Added Texture from Product Overload
It’s possible to create your own texture by piling on the product. This doesn’t always happen right away, either. Texture can start to appear as you wear your makeup, giving you a caked-on look after you’ve left the house when there’s nothing you can do about it.
Obviously, piling on the product will result in texture and overload. The first step is prevention. Remember, liquid and creams need to be set with powder. But creams and liquids should never go on top of powders. That’s a fast track to cake face, for sure.
Resist the Urge to Add More
It’s tempting to add more products to counteract the caking. Don’t. Instead of carrying extra makeup for retouching, bring a blending sponge wherever you go. Re-blending will help even out cakey makeup, where adding more will just compound the problem. Using a quick spritz of setting spray on the sponge, or just dampening with water, will also help.
Carry Oil Blotting Papers
Oil blotters are also a great way to keep products from building up as you wear makeup. Taking the time to soak up some of those oils before contributing to cakey makeup will do wonders. If you don’t have any papers and you’re feeling cakey, those otherwise useless brown paper towels in public restrooms are a decent substitute. Just remember to blot, never rub.
Let’s face it, cakey makeup happens. There are days when you can do all the right things, but your makeup just ends up cakey. If you look in the mirror and find your makeup looking patchy, while other areas are creasing and there’s buildup in spots, you’ve been caked. And a retouch is necessary.
In times like these, you’ll be happy to have your entire makeup arsenal in tow. If you’re not feeling great about your makeup, keep your foundation, sponge, and powder close by. But the retouch technique is crucial. Careful is key, and one slip up could end in disaster.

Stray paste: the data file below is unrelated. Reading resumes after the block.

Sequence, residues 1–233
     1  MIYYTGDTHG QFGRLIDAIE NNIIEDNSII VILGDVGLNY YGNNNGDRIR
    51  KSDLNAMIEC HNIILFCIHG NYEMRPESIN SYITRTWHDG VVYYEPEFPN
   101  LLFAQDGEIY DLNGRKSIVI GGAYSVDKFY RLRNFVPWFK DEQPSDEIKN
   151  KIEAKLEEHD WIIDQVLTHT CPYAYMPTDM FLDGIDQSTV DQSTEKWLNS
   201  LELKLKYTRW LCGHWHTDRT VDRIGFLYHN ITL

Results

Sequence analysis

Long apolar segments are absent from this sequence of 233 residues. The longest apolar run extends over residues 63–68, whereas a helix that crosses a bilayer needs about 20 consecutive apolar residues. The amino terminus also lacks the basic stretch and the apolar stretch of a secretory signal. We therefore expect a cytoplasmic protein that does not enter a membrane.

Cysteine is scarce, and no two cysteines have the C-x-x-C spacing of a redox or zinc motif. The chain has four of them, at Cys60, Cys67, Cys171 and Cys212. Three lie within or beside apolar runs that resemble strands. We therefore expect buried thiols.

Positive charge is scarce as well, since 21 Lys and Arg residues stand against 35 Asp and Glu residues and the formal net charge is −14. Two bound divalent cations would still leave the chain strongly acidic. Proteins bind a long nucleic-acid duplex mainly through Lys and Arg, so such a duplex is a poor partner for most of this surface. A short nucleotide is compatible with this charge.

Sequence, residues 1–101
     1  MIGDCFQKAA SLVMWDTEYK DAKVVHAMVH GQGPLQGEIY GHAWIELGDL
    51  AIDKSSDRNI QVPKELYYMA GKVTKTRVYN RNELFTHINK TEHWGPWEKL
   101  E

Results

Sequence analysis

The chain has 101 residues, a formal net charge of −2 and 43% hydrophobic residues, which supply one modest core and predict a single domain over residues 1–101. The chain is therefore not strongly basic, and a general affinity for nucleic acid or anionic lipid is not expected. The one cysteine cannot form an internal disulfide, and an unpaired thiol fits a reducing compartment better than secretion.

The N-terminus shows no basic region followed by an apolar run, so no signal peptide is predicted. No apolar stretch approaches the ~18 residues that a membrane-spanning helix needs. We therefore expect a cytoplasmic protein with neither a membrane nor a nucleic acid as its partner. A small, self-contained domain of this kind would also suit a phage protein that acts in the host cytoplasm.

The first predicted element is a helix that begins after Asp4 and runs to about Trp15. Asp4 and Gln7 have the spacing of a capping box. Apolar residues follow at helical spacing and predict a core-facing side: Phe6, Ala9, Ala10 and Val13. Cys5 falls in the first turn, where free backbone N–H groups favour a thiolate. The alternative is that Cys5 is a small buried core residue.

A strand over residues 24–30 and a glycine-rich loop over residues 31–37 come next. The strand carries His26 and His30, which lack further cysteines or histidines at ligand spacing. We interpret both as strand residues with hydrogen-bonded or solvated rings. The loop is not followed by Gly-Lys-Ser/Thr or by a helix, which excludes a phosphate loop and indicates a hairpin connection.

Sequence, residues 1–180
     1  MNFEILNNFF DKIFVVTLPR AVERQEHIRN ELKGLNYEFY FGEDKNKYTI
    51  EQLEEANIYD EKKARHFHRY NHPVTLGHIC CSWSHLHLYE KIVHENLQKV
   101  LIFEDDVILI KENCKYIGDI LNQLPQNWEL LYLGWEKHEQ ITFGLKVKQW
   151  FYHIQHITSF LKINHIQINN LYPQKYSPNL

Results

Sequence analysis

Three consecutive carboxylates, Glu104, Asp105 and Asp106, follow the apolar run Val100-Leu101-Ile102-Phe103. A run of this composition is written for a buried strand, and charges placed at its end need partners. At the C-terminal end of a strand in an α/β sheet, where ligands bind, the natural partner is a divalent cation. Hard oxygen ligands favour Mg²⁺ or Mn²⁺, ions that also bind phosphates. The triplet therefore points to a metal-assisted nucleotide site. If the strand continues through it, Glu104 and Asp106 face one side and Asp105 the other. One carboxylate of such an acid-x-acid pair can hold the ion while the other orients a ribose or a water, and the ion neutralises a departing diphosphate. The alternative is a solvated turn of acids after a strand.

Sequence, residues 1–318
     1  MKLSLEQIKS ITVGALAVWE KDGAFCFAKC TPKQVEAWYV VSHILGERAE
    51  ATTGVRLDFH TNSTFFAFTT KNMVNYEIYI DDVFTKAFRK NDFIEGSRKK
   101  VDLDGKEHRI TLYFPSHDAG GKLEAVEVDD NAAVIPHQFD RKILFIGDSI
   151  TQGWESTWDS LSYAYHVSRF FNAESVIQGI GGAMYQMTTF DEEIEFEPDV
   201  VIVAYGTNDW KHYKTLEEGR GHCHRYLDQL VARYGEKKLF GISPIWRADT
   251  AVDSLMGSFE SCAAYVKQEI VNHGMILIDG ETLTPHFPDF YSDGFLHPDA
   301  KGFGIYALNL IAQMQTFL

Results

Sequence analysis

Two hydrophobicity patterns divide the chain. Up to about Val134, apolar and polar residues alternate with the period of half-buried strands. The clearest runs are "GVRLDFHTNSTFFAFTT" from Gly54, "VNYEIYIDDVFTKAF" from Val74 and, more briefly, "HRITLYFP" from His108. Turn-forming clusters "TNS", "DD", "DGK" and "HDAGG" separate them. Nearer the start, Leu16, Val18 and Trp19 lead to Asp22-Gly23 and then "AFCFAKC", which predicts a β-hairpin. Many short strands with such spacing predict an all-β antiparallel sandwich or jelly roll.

To avoid an even bigger catastrophe, beyond cakey makeup, keep these tips in mind during a retouch:
- When in doubt, blend it out. Before adding any more makeup to your face, use a blending sponge to tap the existing makeup into the skin. This will help spread the existing makeup around and soak up any extra that doesn’t need to be there.
- Work in small sections. Once the caked-on makeup has been dispersed, you’ll be left with bare spots. Instead of using the sponge to add more, use your finger. Just be sure to wash and dry your hands first thoroughly. Use the same tapping motions to add foundation, then gently tap it in with the sponge.
- Bake your setting powder for extra anti-cake protection. Use the blending sponge to tap the loose setting powder onto the retouched areas. Instead of wiping away the excess powder right away, let it sit on the skin for a minute or two. Then sweep away the leftovers.
- Skip the pressed powder retouch. You often see people open their fancy little compacts, using the tiny circle sponges to smear pressed powder on their faces. This might work for a select few, but it’s definitely not the cure for everyone’s cakey makeup. This usually leads to more cake.
Cakey makeup can be avoided as long as you have the right tools, products, and techniques to apply your foundation and powder properly. Skincare is another critical component to preventing cakey makeup, although sometimes it’s just inevitable. When cakey makeup happens, the easy fixes above will help remedy the situation without starting your makeup all over again.